2. Perfect post for me! Very timely! I am writing book one in a seven book series, so this information helps me.

    Going deeper is what I'd like to do with my main character.

    Can't wait to visit the links for more tips!


  3. I've intentionally read (and looked forward to) a series only twice in my entire life - one was Harry Potter. Ten years of waiting to find out if Harry lived or died reaffirmed my stance as a stand alone reader. I prefer seeing how everything wraps up. I like seeing how an idea or concept plays out, or how a character grows and triumphs. Because, of course, the good guys always win.

  4. Hi DRC,
    You said, "Instead I write stand alone stories that are based in the same fantasy world." I don't see that as a series myself. I understand using the same fantasy world because of all the work that goes into it. But if I continue to write in the Regency era but use different characters then that would be a different book. If I chose to expand what is happening in those characters' lives then that would be a series.

    Does that make sense? I'm not the expert on fantasy so I'm not sure if writers in that genre would consider what you're describing as a series. Now that that's clear as mud I can also see where readers get impatient for the next book in a series. If it's not ready when they want it will they forget about it?

    My books are all coming out a year apart. I hope that doesn't put readers off. I appreciate your thoughtful comments on this subject.

  5. Hi Ruth,
    I'd love to know how you chose 7 books as the number for your series. Glad this is a post that might be helpful. Good timing helps!

  6. Hi Donna,
    What was the other series? You can't leave me hanging here not knowing. :) There seems to be a lot of series out there that are 3 books. I wonder if there is some kind of theory around that or if it just works better for sales. I just thought of Sherlock Holmes. I love Sherlock so I don't know why I didn't think of Conan Doyle. Now there is a character who I enjoy so much that he actually seems like he should be real. But Sherlock Holmes never changed enough in his character arc for me, and I like to see that deep ongoing change.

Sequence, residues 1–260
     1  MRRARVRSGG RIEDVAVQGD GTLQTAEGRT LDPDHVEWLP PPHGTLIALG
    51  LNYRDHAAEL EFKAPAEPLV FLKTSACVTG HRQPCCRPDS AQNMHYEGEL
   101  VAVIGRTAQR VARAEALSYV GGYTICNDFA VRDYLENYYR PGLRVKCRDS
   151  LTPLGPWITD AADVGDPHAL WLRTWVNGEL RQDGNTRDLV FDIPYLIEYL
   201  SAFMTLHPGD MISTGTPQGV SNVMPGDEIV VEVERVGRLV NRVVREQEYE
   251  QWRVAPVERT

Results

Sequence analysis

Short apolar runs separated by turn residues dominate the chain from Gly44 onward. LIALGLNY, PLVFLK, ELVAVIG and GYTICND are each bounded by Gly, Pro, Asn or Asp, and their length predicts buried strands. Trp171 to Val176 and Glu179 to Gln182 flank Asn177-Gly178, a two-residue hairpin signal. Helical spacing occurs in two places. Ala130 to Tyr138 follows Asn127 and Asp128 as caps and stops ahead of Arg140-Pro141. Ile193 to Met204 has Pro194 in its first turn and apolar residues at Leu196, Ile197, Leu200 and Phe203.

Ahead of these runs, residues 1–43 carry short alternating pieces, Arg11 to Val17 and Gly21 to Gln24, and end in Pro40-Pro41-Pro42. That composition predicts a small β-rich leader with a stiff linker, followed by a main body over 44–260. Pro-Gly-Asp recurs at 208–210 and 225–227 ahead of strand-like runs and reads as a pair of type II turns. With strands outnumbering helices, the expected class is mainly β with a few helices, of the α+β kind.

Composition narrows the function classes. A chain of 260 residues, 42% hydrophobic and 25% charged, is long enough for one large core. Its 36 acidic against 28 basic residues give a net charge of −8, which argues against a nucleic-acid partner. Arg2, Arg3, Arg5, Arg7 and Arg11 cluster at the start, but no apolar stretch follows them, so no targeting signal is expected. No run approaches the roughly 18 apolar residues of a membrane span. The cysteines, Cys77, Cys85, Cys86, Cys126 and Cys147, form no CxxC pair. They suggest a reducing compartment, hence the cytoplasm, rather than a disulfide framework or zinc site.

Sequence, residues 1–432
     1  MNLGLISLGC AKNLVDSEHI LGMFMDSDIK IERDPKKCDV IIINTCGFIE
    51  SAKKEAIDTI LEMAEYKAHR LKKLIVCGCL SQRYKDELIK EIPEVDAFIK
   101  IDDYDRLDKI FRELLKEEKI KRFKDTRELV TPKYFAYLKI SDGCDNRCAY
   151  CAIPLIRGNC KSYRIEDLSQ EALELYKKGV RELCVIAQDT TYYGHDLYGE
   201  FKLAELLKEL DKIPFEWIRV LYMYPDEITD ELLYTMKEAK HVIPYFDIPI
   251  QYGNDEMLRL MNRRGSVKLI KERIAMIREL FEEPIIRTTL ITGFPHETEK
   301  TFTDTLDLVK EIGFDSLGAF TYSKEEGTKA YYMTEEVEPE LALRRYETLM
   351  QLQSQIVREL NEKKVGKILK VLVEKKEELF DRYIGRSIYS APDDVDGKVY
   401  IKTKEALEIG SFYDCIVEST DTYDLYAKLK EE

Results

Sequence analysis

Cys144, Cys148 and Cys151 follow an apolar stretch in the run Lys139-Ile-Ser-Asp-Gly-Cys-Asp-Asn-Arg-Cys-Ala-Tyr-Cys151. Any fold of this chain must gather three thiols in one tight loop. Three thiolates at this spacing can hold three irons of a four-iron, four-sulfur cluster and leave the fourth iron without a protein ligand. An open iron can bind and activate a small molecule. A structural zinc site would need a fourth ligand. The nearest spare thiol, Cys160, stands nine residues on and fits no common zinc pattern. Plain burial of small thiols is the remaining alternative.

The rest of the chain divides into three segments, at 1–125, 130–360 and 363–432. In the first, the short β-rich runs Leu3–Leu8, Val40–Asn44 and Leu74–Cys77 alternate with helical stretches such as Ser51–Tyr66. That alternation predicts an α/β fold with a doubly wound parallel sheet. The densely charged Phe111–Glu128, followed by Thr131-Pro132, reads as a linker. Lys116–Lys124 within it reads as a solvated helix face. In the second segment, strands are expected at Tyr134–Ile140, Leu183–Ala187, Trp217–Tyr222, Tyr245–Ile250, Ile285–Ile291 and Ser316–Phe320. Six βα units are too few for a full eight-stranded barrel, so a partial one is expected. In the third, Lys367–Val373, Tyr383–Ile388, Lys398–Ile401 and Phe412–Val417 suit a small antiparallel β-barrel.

7. I love series if I'm attached to the characters, it's great to go on a longer journey with them. But I do hate cliffhanger enders...a few unanswered questions are ok but the last Diana Gabaldon book made me want to hurl it out the window. Of course, i'll still happily read her next one :)

  8. Lila,
    You make me smile. I love Gabaldon's books. I have to admit though that I haven't had the time to indulge since Drums of Autumn, I think that was it. She's such a talented author. Sounds like she really wants her readers to read the next one, but that would push me over the edge too. Thanks for your input.

  9. JIllian,
    I like them both. I checked my book shelves and discovered there are more single titles than series. That being said, I've had series where I couldn't wait for the next book as well as single title authors whose books I've waited impatiently for. Karen Marie Moning has a Fever seeries dealing with Celtic magic that I love, but at the same time I have purchased every Barbara Michaels single title book I have found. There's room for both on my shelves. Since I know you are trying to figure out which way to go next, I'd say consider whether or not you are still in love with your current family of characters.

  10. Hey there, Ms. Castle,
    I am still very much in love with my characters, but that doesn't mean I should keep writing about them or does it? :)I guess I need to consider writing up a couple proposals after I turn in book 3, talking to Rachelle about career planning and see what happens next. Also, it might be wise at some point to ask readers what they would like. Of course that might not be the only thing to consider. Thanks for sharing, Catherine.